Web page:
5 Wedding Budget Tips (That Can Help Your Marriage, Too!)

As a financial coach at Adulting with Money, I help engaged couples and newlyweds stop money fights before they start. I’ve found that working together on a wedding budget is a great way to practice handling money for your marriage. Here are five tips that help you improve your wedding budget and your marriage.

1. Share Your Biggest Hopes

I was willing to let my wife plan the wedding of her dreams on one condition. My family was in charge of the alcohol. My family drinks. My wife’s family? Not so much.

For your wedding (and the budget), sit with your partner and talk about your biggest hopes. Share with each other your top three or four parts of the wedding. Is the dress more important than the food? Is the DJ more important than the venue?

After the ceremony, this process helps define your big financial goals as a couple. Is getting out of debt more important than driving a new car? Is going on vacation more important than paying off your student loans?

2. Rank What’s Important

My wife and I have tense money discussions once in a while, but we never fight. What helps us avoid stepping on each others’ toes is that we understand what we want.

When you focus on a list of wedding items from most to least important, decisions are less stressful. Need more money for the dress? Take money from something on the bottom of the list. You’ll be faster in making the decision because you’ve already agreed agreed on the rankings.

Making a list of financial priorities works great for your marriage, too. You’ll make faster decisions when you don’t have to rehash all the tiny details.

3. Change the Budget Whenever Needed

Hurricane Michael hit our home in 2018. The storm formed on October 7 and hit land three days later. There is no way we could have created a budget in September for all the things we had to deal with in October.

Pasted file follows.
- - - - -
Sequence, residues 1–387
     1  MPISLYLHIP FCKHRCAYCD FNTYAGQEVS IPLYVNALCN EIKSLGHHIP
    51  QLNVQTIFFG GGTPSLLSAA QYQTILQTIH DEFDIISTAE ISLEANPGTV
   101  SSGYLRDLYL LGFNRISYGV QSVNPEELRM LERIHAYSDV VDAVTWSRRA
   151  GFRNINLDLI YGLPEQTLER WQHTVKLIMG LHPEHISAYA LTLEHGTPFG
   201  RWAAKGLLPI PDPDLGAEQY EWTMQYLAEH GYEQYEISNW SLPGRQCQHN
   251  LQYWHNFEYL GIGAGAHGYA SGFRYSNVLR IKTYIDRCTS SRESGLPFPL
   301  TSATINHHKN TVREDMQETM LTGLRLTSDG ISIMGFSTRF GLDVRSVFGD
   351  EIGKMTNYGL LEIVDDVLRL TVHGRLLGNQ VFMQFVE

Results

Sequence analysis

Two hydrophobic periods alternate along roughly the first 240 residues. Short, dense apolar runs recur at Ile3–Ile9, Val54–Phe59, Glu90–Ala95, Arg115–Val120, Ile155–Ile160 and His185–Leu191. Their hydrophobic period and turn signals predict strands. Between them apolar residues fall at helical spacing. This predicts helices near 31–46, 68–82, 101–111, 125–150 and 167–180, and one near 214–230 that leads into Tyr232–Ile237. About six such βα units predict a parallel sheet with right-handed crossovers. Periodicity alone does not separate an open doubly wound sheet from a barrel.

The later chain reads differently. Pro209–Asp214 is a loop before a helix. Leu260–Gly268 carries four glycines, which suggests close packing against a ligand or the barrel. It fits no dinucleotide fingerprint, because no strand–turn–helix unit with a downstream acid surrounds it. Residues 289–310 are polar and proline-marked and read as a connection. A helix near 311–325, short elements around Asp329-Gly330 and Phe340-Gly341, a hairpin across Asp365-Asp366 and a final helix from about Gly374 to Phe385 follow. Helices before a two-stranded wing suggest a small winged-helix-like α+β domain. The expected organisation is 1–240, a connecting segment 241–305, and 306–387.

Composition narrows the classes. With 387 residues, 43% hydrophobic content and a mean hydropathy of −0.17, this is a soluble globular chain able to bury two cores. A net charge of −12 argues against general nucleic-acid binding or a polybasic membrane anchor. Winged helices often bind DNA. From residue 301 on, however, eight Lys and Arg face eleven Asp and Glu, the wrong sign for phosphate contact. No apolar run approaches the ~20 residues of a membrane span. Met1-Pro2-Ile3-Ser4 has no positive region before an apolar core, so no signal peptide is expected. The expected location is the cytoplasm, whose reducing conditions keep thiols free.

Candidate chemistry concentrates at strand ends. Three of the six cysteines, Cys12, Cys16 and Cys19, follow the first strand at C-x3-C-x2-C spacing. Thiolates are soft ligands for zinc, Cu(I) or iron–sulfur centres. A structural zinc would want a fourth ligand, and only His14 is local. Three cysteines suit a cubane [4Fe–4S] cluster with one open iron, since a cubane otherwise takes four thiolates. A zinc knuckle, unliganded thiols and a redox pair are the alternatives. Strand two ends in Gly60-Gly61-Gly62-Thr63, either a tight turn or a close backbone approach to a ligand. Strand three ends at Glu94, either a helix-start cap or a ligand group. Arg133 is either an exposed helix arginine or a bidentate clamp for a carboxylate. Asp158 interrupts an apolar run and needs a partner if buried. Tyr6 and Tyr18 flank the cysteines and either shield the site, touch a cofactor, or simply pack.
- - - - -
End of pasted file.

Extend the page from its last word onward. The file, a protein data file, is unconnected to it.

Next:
Stuff happens, and your wedding journey will be no different. Having your wedding budget is great for making decisions, but don’t be stubborn. It’s okay to change the plan when it’s no longer working.

Planning ahead and being flexible with a family budget will improve your marriage. It’s essential that you work on your goals as a couple, but be ready to change your plans when needed.

4. Make Appointments With Each Other

I don’t dare ask my wife money questions if she’s in the middle of a good book. And I don’t want to stop bingeing Parks & Recreation to edit our budget. My wife and I always schedule our budget meetings ahead of time.

Save major wedding decisions for when you both have enough time and energy to think and talk. Make appointments with each other to help avoid any distractions. But if you need to make a time-sensitive decision, do whatcha gotta do.

Excellent communication sustains successful marriages. Surprising your spouse with major financial decisions is never a good idea. It will leave her feeling bowled over and disrespected. Give each other room to ask questions and talk it out.

5. Don’t Make Everything 50/50

Equality is important, but it doesn’t have to be standard for everything. Since I’m a money nerd, I end up doing most of the work when it comes to our finances. But my wife is part of all the decisions because we have frequent discussions.

For your wedding budget, it’s okay for the work to be 90/10 as long as the decisions are 50/50. Everyone has their own strengths and weaknesses, so delegate work to whoever is best. You might cause too much drama if you forget to update each other.

When you make decisions together, you make the relationship more important than yourself. You’ll find custom solutions that work for you. As long as you both feel that the work is fair, not everything needs to be fifty-fifty.

Dan Hinz, Financial Coach, teaches engaged couples and newlyweds how to stop money fights before they start with in-depth guides and couples coaching. Get a FREE copy of Dan’s 20,000+ word ebook, How to Talk About Money with Your Spouse: The Ultimate Guide, at Adulting with Money.

Browse our Planning Section for more sage advice and expert tips.

Advertisements

Leave a Reply

Fill in your details below or click an icon to log in:

WordPress.com Logo

You are commenting using your WordPress.com account. Log Out /  Change )

Google photo

You are commenting using your Google account. Log Out /  Change )

Twitter picture

You are commenting using your Twitter account. Log Out /  Change )

Facebook photo

You are commenting using your Facebook account. Log Out /  Change )

Connecting to %s